Results 1 to 8 of 8
Like Tree3Likes
  • 1 Post By ProdigyInspired
  • 1 Post By Trebla
  • 1 Post By InteGrand

Thread: Does √-1 evaluate to i or -i?

  1. #1
    617 pages fan96's Avatar
    Join Date
    May 2017
    HSC
    2018
    Gender
    Male
    Location
    NSW
    Posts
    417
    Rep Power
    2

    Does √-1 evaluate to i or -i?

    When we use take the square root using the radical sign √ in the reals we take only the positive root.

    So and not .

    But what does the radical sign √ actually mean when used on complex numbers?

    What does evaluate to? or ?
    HSC 2018: English Adv. [80] • Maths Ext. 1 [98] • Maths Ext. 2 [95] • Chemistry [87] • Software Design [95]

    ATAR: 97.40 | Uni Course: B Advanced Mathematics (Hons) / B Engineering (Hons) (Computer) at UNSW

  2. #2
    Tafe Advocate ProdigyInspired's Avatar
    Join Date
    Oct 2014
    HSC
    2016
    Gender
    Male
    Posts
    630
    Rep Power
    4

    Re: Does √-1 evaluate to i or -i?

    The former, so sqrt(-1) = i, and 1 = -i
    Bachelor of Applied Finance and Bachelor of Commerce (Professional Accounting) at MQ.

    HSC 2016: English Advanced, Math 3U, Math 4U, Chemistry, Business Studies

  3. #3
    617 pages fan96's Avatar
    Join Date
    May 2017
    HSC
    2018
    Gender
    Male
    Location
    NSW
    Posts
    417
    Rep Power
    2

    Re: Does √-1 evaluate to i or -i?

    Why is it and not ?
    HSC 2018: English Adv. [80] • Maths Ext. 1 [98] • Maths Ext. 2 [95] • Chemistry [87] • Software Design [95]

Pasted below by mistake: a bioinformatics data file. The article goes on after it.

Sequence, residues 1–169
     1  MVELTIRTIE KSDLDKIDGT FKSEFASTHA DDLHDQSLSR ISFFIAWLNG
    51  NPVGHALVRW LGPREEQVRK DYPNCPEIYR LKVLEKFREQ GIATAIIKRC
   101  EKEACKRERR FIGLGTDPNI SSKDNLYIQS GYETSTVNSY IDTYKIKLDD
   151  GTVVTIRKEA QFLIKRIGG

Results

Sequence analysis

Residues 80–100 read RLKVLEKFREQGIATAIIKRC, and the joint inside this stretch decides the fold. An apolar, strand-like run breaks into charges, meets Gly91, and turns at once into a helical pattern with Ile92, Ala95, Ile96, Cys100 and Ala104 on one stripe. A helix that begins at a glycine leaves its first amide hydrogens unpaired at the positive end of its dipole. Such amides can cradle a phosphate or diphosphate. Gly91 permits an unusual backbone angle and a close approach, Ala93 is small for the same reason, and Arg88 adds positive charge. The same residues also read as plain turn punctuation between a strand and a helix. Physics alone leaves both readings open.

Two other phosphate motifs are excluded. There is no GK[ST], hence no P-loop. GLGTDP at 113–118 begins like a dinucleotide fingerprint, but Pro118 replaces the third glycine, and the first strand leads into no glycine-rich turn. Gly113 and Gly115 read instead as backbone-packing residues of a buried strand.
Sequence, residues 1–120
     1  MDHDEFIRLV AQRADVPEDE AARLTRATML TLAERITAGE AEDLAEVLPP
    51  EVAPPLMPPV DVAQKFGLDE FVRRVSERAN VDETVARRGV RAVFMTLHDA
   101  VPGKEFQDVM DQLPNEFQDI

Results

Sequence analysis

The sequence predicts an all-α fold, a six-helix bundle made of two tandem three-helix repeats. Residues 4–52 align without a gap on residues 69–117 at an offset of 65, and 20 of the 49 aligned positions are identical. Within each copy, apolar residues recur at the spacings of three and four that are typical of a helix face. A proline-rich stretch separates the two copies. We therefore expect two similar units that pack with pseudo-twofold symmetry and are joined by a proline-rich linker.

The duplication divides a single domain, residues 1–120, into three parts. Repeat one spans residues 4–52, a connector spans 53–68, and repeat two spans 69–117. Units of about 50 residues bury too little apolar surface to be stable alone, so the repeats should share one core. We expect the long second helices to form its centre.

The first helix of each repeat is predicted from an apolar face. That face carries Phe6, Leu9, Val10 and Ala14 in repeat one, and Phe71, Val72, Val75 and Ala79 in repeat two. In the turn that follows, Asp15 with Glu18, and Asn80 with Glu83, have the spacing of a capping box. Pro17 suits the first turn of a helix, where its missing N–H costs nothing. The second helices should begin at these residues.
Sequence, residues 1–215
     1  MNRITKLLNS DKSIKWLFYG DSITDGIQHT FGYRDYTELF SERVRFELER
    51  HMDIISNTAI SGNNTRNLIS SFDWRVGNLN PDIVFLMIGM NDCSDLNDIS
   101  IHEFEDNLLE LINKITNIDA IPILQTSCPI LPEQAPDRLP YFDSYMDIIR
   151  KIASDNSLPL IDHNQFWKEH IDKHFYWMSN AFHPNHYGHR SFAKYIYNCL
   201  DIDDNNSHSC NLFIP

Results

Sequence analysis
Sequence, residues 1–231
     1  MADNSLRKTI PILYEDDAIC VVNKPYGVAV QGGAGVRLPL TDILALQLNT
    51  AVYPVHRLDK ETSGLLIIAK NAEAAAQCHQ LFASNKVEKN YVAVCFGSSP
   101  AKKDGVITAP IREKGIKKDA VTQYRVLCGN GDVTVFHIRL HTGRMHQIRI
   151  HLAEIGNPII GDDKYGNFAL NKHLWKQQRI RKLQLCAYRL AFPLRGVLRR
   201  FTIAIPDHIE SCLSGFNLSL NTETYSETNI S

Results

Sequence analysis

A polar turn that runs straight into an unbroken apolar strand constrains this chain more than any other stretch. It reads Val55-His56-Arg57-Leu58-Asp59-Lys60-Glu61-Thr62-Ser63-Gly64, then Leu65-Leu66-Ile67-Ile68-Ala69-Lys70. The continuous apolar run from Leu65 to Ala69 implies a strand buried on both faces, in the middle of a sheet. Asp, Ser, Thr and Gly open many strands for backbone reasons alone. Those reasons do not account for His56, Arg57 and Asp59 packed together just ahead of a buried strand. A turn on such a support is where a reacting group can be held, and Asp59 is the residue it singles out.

ATAR: 97.40 | Uni Course: B Advanced Mathematics (Hons) / B Engineering (Hons) (Computer) at UNSW

  4. #4
    Tafe Advocate ProdigyInspired's Avatar
    Join Date
    Oct 2014
    HSC
    2016
    Gender
    Male
    Posts
    630
    Rep Power
    4

    Re: Does √-1 evaluate to i or -i?

    Quote Originally Posted by fan96 View Post
    Why is it and not ?
    I'm not familiar at all with the complex mathematical background of it, but the general idea is that it's impossible to square root a negative number i.e. with the definition of a square root where the result squared itself is the number inside of the square root (a bit confusing, but it leads), you therefore need imaginary numbers, which we use to describe. Don't think too much into it, there is not always a logic to why it happens, rather it is a convenient definition used.
    fan96 likes this.
    Bachelor of Applied Finance and Bachelor of Commerce (Professional Accounting) at MQ.

    HSC 2016: English Advanced, Math 3U, Math 4U, Chemistry, Business Studies

  5. #5
    Tafe Advocate ProdigyInspired's Avatar
    Join Date
    Oct 2014
    HSC
    2016
    Gender
    Male
    Posts
    630
    Rep Power
    4

    Re: Does √-1 evaluate to i or -i?

    There is no purpose to make sqrt(1) a definition as it is clearly already = 1. It's more convenient to use and makes more sense to do that. Since sqrt(-1) doesn't exist without the use of imaginary numbers, can be used to define and introduce an impossible number as a variable and therefore allow expansion across equations that use imaginary numbers.